Setting Smart KPIs for Digital Customer Service

“What is measured improves.” These words from famous business consultant Peter Drucker would seem to refer directly to digital customer service KPIs.

There’s no doubt that setting KPIs in the contact center is a necessity for monitoring efficiency and improving processes. But it all depends on what KPIs you monitor; these performance indicators tend to set the direction of the contact center and the behavior of agents. Using smart KPIs for digital customer service can be the difference between a streamlined, successful contact center and one that just can’t keep up. To do so, it’s important to realize the differences between the customer service of the past and the present.

Old vs. new in customer service

Besides the obvious developments in technology, ie., social media and live chat rather than phones and letters, the major differences in today’s digital customer service as opposed to what your parents were used to have to do with the changing expectations of customers.

Today’s customers expect service that is efficient, painless and personalized. Those changing expectations—which are inspired in part by changes in customer service technology—mean that companies need to change the way they serve customers. That’s where KPIs come in. Let’s start with two classic KPIs, AHT and FRT.

To AHT or not to AHT (Average Handling Time)

Average Handling Time is a very common customer service KPI and one that we’ve debated quite a bit in the past. AHT measures the average time each agent spends with a customer. The idea is that keeping AHT low means keeping the agents efficient because they won’t be lingering with individual customer service issues when they could be moving on to the next customer.

The problem with AHT is that it emphasizes speed over meaningful connections. Rushing customers is not the way to win hearts and minds. And since today’s digital customers prefer personalized service over cookie-cutter solutions, it’s a good idea to ease off AHT in favor of KPIs that add empathy into the mix.

Finding fault with FRT (First Response Time)

First Response Time is another classic contact center KPI. Again, the idea seems like a good one: low FRT means that customers don’t have to wait too long before hearing back from the company when asking a question or lodging a complaint.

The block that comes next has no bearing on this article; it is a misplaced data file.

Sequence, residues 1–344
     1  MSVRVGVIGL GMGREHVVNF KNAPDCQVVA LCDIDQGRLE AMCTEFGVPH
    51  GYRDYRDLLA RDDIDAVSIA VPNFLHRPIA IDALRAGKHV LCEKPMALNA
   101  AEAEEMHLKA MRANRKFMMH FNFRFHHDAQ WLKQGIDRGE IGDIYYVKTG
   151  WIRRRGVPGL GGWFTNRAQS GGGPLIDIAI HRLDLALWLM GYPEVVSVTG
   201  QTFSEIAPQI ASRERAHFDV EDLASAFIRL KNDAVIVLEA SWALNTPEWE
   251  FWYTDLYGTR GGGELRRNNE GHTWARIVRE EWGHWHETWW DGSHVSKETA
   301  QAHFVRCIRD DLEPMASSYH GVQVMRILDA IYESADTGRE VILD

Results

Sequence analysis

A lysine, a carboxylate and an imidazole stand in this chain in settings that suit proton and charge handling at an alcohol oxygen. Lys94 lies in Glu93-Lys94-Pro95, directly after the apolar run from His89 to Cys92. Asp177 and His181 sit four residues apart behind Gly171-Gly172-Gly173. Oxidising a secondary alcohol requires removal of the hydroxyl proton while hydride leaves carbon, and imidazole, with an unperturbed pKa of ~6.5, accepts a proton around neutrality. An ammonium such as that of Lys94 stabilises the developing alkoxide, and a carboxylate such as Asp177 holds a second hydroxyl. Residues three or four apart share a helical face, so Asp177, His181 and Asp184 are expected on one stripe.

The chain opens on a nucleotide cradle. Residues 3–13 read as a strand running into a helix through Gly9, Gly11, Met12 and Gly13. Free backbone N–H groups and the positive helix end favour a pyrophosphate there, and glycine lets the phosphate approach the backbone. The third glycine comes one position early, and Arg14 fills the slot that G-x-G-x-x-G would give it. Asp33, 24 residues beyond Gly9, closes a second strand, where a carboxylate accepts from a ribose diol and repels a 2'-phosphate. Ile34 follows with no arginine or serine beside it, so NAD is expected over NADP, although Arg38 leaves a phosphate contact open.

The problem is that emphasizing FRT doesn’t necessarily emphasize a solution. An agent can keep FRT down simply by telling the customer their complaint has been received, without offering any solution. FRT doesn’t guarantee the response-driven service that customers want. Instead, it’s better to make sure that customers don’t have to ask for a solution multiple times or re-enter their information. Enact an “ask once” policy where customers may have to wait slightly longer for a first response, but that response comes with a solution.

The positives of PSL (Personal Service Level)

Personal Service Level is a good way to reward agents who offer personalized service that customers prefer and to encourage them to do so. Setting PSL helps measure the way that agents connect with customers.

PSL is a good way to shift away from service that’s only concerned with efficiency to that which also leaves room for empathy. Putting the onus on the customer service agent to offer more personlized service to each customer can pave the way for the type of service that today’s customers prefer. That leads to better customer experience and more loyalty from customers who are willing to spend more.

Why PEC will prevail (Personal Emotional Connection)

PEC measures whether or not the customer service agent attempts to make a personal emotional connection with the customer. This KPI has worked wonders for brands such as Zappos which have become famous all over the world for their extraordinary customer service.

Here again the emphasis is on empathy rather than strict efficiency. We know that customers want service that makes them feel like individuals and PEC is one way to make that happen. This KPI recognizes the fact that some customers demand fast, streamlined solutions while others want more time to be taken with them. Using PEC encourages agents to go out of their way to tailor their service to the needs of each customer.

Why it’s good to note NPS (Net Promoter Score)

Net Promoter Score is invaluable for maintaining a level of service and customer experience that will help differentiate your brand from the competition. By measuring the way customers feel about the brand, NPS encourages brands to tailor their way of doing business to the needs and desires of customers. It also encourages them to constantly listen to what customers are saying about the brand, so agents and management can deliver on customer demands in real-time.

The bottom line is that emphasizing short call times often leads to hasty interactions that aren’t tailored to the needs of the customer. It’s better to measure agent behaviors and encourage them to offer personalized service that leads to higher customer satisfaction.

Brand Embassy was designed with today’s impatient digital customer in mind. It lets you set the digital customer service KPIs that will help your business run smoothly and win you more loyal customers. Let us show you what we can do to revolutionize the way you serve your customers. Check out our website today or request a free demo to learn more.

 

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